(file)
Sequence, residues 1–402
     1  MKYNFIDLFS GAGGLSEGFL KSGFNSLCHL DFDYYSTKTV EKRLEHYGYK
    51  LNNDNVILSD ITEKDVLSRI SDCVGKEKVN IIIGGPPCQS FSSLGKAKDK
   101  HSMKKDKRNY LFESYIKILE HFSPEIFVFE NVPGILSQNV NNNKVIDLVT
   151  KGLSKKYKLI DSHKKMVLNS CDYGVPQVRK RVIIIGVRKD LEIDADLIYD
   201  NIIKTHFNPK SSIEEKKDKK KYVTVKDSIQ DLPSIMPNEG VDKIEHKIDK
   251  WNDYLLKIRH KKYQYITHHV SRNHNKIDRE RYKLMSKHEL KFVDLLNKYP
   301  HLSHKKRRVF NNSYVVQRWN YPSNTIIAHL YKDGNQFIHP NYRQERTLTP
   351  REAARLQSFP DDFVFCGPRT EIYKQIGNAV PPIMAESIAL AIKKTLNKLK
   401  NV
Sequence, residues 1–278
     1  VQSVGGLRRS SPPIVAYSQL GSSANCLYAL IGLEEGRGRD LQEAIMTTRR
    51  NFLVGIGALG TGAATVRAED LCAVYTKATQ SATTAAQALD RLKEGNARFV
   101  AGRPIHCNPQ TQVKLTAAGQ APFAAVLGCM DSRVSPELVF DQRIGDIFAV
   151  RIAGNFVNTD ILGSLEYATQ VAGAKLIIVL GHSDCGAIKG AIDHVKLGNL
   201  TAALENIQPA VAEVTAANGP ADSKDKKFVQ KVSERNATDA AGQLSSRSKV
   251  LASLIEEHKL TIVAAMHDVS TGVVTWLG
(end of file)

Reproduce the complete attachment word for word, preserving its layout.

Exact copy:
Sequence, residues 1–402
     1  MKYNFIDLFS GAGGLSEGFL KSGFNSLCHL DFDYYSTKTV EKRLEHYGYK
    51  LNNDNVILSD ITEKDVLSRI SDCVGKEKVN IIIGGPPCQS FSSLGKAKDK
   101  HSMKKDKRNY LFESYIKILE HFSPEIFVFE NVPGILSQNV NNNKVIDLVT
   151  KGLSKKYKLI DSHKKMVLNS CDYGVPQVRK RVIIIGVRKD LEIDADLIYD
   201  NIIKTHFNPK SSIEEKKDKK KYVTVKDSIQ DLPSIMPNEG VDKIEHKIDK
   251  WNDYLLKIRH KKYQYITHHV SRNHNKIDRE RYKLMSKHEL KFVDLLNKYP
   301  HLSHKKRRVF NNSYVVQRWN YPSNTIIAHL YKDGNQFIHP NYRQERTLTP
   351  REAARLQSFP DDFVFCGPRT EIYKQIGNAV PPIMAESIAL AIKKTLNKLK
   401  NV
Sequence, residues 1–278
     1  VQSVGGLRRS SPPIVAYSQL GSSANCLYAL IGLEEGRGRD LQEAIMTTRR
    51  NFLVGIGALG TGAATVRAED LCAVYTKATQ SATTAAQALD RLKEGNARFV
   101  AGRPIHCNPQ TQVKLTAAGQ APFAAVLGCM DSRVSPELVF DQRIGDIFAV
   151  RIAGNFVNTD ILGSLEYATQ VAGAKLIIVL GHSDCGAIKG AIDHVKLGNL
   201  TAALENIQPA VAEVTAANGP ADSKDKKFVQ KVSERNATDA AGQLSSRSKV
   251  LASLIEEHKL TIVAAMHDVS TGVVTWLG